Turbulent times, terrible torments, but the four magnificent Latimer sisters, each so different, love as women do: with tenderness as well as passion, and with hearts roomy enough to hold their men, their children, their careers and their sisters.
***Many thanks to Net Galley and Simon & Schuster for the advanced reader's copy of this novel in exchange for an honest review.***
This insomniac's opinion:
Ugh. I could not get into this. At all.
At first I was a bit excited as the sisters chose to go into nurses training, as I am a nurse myself. The story quickly dissolved into a trashy, soap opera like drama, however. It would hold my interest for a moment, then quickly lose it again. Had I not committed to reading this for Net Galley, I never would have finished it.
Rating: 2 stars.

ARC review: The Girl with All the Gifts by MR Carey

Book Synopsis(via Goodreads):


Every morning, Melanie waits in her cell to be collected for class.

When they come for her, Sergeant Parks keeps his gun pointing at her while two of his people strap her into the wheelchair. She thinks they don't like her. She jokes that she won't bite. But they don't laugh.

Melanie is a very special girl.

Emotionally charged and gripping from beginning to end, THE GIRL WITH ALL THE GIFTS is the most powerful and affecting thriller you will read this year.

***Many thanks to Net Galley and Hatchette book group for the advanced reader's copy of this novel in exchange for an honest review.***

This insomniac's opinion:

Ok, bookish buddies-let's have a moment of honesty. Had I realized that this was a post-apocalyptic novel in the same vein as The Walking Dead, I would not have requested it. Just not my bag, baby.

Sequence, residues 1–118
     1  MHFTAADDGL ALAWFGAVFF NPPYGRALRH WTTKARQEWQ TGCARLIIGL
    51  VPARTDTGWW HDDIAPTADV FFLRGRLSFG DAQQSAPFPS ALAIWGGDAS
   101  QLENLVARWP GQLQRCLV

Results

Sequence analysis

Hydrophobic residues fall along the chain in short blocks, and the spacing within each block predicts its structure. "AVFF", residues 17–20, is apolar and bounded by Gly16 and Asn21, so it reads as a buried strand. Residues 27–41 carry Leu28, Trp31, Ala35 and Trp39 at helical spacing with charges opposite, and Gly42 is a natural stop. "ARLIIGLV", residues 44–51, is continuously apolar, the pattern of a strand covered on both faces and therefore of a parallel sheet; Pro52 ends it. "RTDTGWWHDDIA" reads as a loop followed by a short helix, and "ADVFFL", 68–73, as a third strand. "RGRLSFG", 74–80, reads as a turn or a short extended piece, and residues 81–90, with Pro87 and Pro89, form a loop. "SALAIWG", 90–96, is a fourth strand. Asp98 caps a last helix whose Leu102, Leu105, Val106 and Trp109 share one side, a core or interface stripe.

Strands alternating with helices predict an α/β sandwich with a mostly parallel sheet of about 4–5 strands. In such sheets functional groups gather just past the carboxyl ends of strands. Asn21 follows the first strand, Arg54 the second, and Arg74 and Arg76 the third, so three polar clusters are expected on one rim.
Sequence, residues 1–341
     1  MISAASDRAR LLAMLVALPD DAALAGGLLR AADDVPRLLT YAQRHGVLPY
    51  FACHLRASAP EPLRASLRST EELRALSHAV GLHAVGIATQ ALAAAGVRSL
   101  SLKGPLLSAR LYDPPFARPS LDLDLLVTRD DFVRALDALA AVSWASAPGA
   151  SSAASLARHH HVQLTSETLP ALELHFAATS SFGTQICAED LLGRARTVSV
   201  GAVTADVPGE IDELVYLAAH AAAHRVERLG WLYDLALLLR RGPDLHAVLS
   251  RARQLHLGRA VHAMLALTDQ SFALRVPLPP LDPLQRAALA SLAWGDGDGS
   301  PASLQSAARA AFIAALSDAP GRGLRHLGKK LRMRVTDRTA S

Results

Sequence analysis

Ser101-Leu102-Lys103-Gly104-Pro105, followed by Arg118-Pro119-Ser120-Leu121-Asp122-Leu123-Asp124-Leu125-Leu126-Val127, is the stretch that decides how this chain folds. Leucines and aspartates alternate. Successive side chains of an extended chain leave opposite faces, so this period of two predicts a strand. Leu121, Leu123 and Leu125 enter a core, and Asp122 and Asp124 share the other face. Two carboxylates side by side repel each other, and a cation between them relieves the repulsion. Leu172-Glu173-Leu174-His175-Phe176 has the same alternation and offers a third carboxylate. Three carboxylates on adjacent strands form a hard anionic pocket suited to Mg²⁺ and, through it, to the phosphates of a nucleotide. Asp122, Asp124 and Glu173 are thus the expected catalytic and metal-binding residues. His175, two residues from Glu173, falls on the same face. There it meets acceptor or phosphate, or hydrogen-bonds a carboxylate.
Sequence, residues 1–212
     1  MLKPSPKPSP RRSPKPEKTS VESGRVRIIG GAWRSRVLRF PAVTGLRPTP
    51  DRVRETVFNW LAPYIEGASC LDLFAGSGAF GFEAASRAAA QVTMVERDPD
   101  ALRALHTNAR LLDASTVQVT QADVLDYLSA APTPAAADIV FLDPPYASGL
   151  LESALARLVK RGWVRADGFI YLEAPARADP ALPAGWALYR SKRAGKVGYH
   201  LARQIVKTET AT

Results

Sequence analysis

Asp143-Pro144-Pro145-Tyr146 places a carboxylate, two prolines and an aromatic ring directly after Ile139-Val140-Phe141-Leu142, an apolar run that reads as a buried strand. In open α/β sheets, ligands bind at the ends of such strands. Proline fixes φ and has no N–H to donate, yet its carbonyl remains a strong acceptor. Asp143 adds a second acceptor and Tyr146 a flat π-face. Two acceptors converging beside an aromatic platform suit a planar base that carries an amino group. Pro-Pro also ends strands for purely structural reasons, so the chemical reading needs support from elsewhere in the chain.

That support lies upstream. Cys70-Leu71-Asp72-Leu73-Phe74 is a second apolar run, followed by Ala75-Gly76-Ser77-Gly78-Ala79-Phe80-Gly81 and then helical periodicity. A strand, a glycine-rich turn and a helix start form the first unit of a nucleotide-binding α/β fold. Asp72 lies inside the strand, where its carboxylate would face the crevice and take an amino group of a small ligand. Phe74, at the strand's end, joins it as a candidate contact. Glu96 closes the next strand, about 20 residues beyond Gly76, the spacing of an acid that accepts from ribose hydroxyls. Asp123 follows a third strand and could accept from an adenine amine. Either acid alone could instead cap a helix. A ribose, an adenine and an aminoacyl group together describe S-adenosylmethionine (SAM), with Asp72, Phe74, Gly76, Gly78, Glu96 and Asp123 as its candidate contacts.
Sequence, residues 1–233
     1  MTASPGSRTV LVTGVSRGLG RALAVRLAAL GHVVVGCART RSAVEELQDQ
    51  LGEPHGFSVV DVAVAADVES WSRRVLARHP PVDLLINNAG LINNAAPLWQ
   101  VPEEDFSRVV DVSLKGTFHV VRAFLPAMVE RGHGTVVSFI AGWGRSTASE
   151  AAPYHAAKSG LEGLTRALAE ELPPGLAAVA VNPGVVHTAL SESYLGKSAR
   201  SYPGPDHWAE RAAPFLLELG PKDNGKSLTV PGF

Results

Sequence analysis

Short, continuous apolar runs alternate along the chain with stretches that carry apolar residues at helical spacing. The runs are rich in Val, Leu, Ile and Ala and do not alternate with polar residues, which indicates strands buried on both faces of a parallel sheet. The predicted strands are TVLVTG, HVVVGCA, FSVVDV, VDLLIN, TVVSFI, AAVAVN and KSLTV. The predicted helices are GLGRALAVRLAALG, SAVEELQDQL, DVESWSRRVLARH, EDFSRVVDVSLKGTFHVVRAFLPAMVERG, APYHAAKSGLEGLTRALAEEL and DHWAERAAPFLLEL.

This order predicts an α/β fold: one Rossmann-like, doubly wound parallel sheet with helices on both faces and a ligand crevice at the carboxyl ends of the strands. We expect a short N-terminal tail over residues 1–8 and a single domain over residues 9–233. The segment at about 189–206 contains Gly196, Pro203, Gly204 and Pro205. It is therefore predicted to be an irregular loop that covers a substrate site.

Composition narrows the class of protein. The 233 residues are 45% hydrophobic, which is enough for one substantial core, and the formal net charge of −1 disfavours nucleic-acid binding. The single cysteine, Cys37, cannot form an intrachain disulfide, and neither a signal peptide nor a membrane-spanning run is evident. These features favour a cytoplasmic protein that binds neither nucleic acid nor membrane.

However, it was utterly fascinating and engrossing. Also, just plan gross at times.

The story was interesting and full of twists and turns. So, surprisingly, it was overall a good read for me. I did have to suspend ALL disbelief during the read, though. Forgo common sense during reading, friends.

Rating: 3 stars

ARC review: When Mockingbirds Sing by Billy Coffey

Book Synopsis(via Goodreads):
What marks the boundary between a miracle of God and the imagination of a child?
Nine-year-old Leah’s invisible friend seems harmless enough until he aids her in upsetting the tranquility of her new town, a place where her parents desperately hoped she’d finally be able to make friends and fit in. Hidden within a picture she paints for a failed toymaker are numbers that win the toymaker millions. Suddenly, townspeople are divided between those who see Leah as a prophet and those who are afraid of the danger she represents. Caught in the middle is Leah’s agnostic father, who clashes with a powerful town pastor over Leah’s prophecies and what to do about them.
When the imaginary friend’s predictions take an ominous turn and Leah announces that a grave danger looms, doubts arise over the truthfulness of her claims. As a violent storm emerges on the day of the annual carnival, Leah’s family and the town of Mattingly must make a final choice to cling to all they know or embrace the things she believes in that cannot be seen.
****Many thanks to Net Galley and Thomas Nelson-Fiction for the advanced reader's copy of this novel in exchange for an honest review.***
This insomniac's opinion:
Highly engrossing and readable novel. The mystery of what was happening to Leah and who her imaginary friend unraveled as slowly as a hot summer's day, which was appropriate for the setting of the novel.
I have to say that I am a Christian, but feel that the novel could have been a little less Christian themed and would've packed more of a punch. The ending fell flat for me as I suddenly felt that I was inside of a mediocre Sunday school lesson.
Overall, an interesting read but could've been better.
Rating: 3 stars
Worth staying up all night to read?
The beginning was stay-up-all-night reading, but I lost interest as I read.